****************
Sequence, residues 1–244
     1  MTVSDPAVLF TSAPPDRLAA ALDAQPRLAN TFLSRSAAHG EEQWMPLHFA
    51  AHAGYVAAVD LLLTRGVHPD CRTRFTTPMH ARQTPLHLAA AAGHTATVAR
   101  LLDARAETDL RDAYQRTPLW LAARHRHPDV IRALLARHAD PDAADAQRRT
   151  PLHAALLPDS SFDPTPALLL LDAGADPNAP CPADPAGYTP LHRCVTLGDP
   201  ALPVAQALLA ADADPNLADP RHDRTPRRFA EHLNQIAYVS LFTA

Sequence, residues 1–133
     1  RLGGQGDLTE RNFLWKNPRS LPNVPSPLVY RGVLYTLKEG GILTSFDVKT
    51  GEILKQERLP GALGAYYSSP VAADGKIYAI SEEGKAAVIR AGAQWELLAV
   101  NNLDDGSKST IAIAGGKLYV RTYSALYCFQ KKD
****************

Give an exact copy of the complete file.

Sequence, residues 1–244
     1  MTVSDPAVLF TSAPPDRLAA ALDAQPRLAN TFLSRSAAHG EEQWMPLHFA
    51  AHAGYVAAVD LLLTRGVHPD CRTRFTTPMH ARQTPLHLAA AAGHTATVAR
   101  LLDARAETDL RDAYQRTPLW LAARHRHPDV IRALLARHAD PDAADAQRRT
   151  PLHAALLPDS SFDPTPALLL LDAGADPNAP CPADPAGYTP LHRCVTLGDP
   201  ALPVAQALLA ADADPNLADP RHDRTPRRFA EHLNQIAYVS LFTA

Sequence, residues 1–133
     1  RLGGQGDLTE RNFLWKNPRS LPNVPSPLVY RGVLYTLKEG GILTSFDVKT
    51  GEILKQERLP GALGAYYSSP VAADGKIYAI SEEGKAAVIR AGAQWELLAV
   101  NNLDDGSKST IAIAGGKLYV RTYSALYCFQ KKD